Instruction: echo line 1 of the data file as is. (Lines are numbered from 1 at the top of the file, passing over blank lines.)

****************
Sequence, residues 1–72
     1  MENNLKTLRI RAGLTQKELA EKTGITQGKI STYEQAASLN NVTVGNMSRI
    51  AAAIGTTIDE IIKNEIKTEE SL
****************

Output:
Sequence, residues 1–72